Facilitating Payments: A Narrow Exception
The Resource Guide reiterates the narrow nature of the facilitation exception to the FCPA anti-bribery provisions. Given the prohibition against such payments in the U.K. Bribery Act and the difficulty in ensuring that the payment qualifies as a facilitation payment, many companies have adopted policies that do not permit such payments to be made, or only permit them with the approval of a designated in-house legal officer.
Who Qualifies as a “Foreign Official”?
The Resource Guide’s discussion of who constitutes a “foreign official” or an “instrumentality of a foreign government” does not advance the state of the law and is merely a restatement of prior positions advanced by the DOJ and SEC. It does recite the non-exclusive list of factors that recently have been adopted by courts for use in jury instructions, including the extent of the foreign state’s ownership of the entity, the foreign state’s degree of control over the entity (including whether key officers and directors of the entity are, or are appointed by, government officials), the foreign state’s characterization of the entity and its employees, the circumstances surrounding the entity’s creation, and the purpose of the entity’s activities. The Resource Guide acknowledges that the 50 percent ownership stake is a good litmus test for whether an entity qualifies as an instrumentality of a foreign government, but cautions that, even with less than a 50 percent ownership interest, an entity may be deemed an instrumentality of a foreign government.
Intermediaries and “Conscious Avoidance”
In discussing liability for payments through third parties, the Resource Guide highlights the DOJ’s 2009 prosecution of Frederick Bourke for an investment in connection with privatization of the Azerbaijan Republic’s state oil company. In addition to contending that Bourke had actual knowledge of a corrupt scheme, the government’s alternative theory in that case was more aggressive: that Bourke invested in the privatization with conscious avoidance of the likelihood that others had made payments to Azeri officials to ensure favorable treatment. The Resource Guide emphasizes the Second Circuit Court of Appeals’ 2011 affirmance of the government’s “conscious avoidance” instruction in the case, reflecting that the DOJ remains committed to broad theories of liability for indirect payments.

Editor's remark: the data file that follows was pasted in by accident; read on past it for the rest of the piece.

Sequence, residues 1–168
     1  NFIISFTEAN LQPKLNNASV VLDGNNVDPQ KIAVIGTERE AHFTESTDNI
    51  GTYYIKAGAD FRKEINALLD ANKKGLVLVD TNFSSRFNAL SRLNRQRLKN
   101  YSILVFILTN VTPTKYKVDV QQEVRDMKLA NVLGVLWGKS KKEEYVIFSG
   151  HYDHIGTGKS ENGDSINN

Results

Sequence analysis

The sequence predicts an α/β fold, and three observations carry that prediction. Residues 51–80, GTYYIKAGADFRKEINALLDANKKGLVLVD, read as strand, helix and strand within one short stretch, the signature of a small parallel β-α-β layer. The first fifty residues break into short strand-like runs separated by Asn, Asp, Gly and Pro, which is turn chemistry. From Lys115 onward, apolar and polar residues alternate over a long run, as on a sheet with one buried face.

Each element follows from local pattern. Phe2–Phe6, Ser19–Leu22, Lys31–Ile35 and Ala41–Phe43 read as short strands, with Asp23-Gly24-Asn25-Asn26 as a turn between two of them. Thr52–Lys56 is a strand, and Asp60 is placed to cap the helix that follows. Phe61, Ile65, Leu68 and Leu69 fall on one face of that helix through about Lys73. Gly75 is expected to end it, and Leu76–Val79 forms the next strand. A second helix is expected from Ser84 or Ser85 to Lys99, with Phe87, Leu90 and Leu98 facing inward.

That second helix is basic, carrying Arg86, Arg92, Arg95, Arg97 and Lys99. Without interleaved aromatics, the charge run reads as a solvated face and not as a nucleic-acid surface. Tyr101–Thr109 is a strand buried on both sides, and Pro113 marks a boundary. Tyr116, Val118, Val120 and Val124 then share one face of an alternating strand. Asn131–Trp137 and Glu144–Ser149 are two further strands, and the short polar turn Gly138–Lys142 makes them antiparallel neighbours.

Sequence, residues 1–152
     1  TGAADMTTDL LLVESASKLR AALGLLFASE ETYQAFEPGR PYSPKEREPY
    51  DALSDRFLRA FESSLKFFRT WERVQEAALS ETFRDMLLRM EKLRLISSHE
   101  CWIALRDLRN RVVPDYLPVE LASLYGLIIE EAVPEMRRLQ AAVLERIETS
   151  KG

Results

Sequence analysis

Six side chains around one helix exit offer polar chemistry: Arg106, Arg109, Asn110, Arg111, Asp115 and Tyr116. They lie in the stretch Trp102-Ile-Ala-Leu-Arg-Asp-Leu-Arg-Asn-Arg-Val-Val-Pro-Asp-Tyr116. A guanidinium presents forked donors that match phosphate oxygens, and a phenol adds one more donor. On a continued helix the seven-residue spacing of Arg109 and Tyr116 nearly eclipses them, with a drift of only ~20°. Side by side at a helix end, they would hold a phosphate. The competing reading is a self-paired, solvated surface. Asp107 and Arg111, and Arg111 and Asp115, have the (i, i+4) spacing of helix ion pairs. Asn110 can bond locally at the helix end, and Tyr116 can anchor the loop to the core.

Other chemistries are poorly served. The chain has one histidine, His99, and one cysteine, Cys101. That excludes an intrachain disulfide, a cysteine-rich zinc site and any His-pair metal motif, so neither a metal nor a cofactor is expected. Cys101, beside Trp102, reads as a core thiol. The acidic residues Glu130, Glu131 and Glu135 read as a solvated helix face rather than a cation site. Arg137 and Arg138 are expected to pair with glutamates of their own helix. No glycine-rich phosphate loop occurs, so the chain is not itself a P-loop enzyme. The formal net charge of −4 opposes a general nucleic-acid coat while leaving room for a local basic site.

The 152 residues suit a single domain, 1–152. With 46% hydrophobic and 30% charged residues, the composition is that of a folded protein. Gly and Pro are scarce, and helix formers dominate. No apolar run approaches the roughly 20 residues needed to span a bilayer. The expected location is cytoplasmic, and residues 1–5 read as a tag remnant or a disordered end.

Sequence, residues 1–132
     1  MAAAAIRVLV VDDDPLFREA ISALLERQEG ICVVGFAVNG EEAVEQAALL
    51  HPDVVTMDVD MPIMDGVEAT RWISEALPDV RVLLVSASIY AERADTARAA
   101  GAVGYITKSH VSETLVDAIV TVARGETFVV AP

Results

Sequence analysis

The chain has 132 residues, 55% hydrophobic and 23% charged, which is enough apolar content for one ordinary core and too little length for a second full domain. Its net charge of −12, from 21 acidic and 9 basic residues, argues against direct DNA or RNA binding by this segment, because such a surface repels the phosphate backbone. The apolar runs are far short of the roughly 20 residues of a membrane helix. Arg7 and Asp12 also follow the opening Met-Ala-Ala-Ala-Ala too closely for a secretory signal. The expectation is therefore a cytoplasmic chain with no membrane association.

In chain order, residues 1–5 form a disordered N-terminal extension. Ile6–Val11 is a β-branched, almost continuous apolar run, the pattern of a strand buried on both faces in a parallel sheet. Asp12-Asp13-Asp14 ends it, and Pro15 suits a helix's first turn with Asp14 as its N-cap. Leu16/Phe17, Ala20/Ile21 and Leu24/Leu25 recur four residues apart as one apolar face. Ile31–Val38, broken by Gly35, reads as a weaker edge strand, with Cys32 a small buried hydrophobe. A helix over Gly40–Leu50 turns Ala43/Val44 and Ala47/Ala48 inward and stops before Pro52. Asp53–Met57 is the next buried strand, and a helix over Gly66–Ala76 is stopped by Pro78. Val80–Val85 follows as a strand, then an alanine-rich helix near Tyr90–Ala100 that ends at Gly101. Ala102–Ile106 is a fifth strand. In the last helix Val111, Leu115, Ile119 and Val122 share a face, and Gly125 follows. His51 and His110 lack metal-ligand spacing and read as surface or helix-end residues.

What Gifts and Entertainment Are Permissible?
Companies expecting that the Resource Guide would provide a concrete definition of what constitutes an acceptable gift, meal or expense will be disappointed. Rather, the Resource Guide reiterates the rule of reason and the need to analyze each situation from a compliance perspective, with an eye towards assessing whether the benefit is routine hospitality (which is permissible) or a disguised bribe (which is not). The Resource Guide compiles prior guidance from DOJ Opinion Procedure Releases and re-affirms that cups of coffee, reasonable bar bills and even a baseball game will not in and of themselves trigger liability. It further clarifies that the “DOJ’s and SEC’s anti-bribery enforcement actions have focused on small payments and gifts only when they comprise part of a systemic or long-standing course of conduct. …” A company’s compliance policies should include guidance on the value of gifts and entertainment as well as on the situations where they may be provided.